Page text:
*Screened at AFI Silverdocs 2005. The film will premiere in NYC at the HRWIFF on June 23, 2005.

Posted by acquarello on Jun 20, 2005 | | Filed under 2005, Human Rights Watch

Comments

Hi! I've been following your posts and website for quite some time now. I've even used one of your reviews for a small paper on Mizoguchi! I've been wondering where I can get involved in these film festivals and film writing. Any suggestions?

Posted by: Clifford Hilo on Jun 21, 2005 8:58 PM | Permalink

Hi there, I don't know that there's any one tried and true way to go about it. I'd suggest just going to some of these festivals and for some events like NY Human Rights Watch or the recent NY African Film Festival, there are people handing out pamphlets for people interested in finding out more information about the festival and the works that they support. I started the site back in 1998 because I was trying to learn HTML, and it was because of that online presence that I became involved with Senses of Cinema as they were just starting out. So I guess what I'm saying is, just start with anything (website, blog, college gazette) to build up your portfolio and the opportunities will come from that.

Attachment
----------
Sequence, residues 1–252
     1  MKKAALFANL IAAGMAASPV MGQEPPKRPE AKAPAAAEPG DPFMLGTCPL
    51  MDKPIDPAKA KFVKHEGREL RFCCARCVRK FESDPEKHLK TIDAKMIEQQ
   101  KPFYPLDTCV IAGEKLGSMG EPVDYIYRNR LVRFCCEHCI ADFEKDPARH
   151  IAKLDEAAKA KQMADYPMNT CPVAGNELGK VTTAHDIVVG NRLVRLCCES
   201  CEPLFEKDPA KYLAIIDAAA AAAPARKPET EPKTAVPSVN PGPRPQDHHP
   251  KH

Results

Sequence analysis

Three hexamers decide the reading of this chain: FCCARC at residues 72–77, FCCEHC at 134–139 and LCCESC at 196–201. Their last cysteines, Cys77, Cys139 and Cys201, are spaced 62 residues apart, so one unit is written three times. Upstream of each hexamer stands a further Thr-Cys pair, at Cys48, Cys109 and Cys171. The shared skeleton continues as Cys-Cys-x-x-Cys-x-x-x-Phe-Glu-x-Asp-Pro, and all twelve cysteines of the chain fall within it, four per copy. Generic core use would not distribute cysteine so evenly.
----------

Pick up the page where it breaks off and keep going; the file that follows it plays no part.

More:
Posted by: acquarello on Jun 21, 2005 9:43 PM | Permalink

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Well, I just wanted to say that I bookmarked your rss feed and I can't wait to read more, keep up the good work!

Posted by: mike on Jul 22, 2005 1:18 AM | Permalink

Thanks for the encouragement, Mike. I think the comment moderation is probably a deterrent, but the site was getting bombarded with a lot of spam, so I'm trying to keep it under control. I'm also using this section as a catch-all for festival reports, so the feeds come in intermittent waves, rather than semi-regular updates. Oh well, we'll see how it goes... :)

Posted by: acquarello on Jul 22, 2005 8:36 AM | Permalink

You should use the SpamLookup plugin. It rules almost as much as Strictly Film School does.

Posted by: Adam Harvey on Aug 03, 2005 1:50 PM | Permalink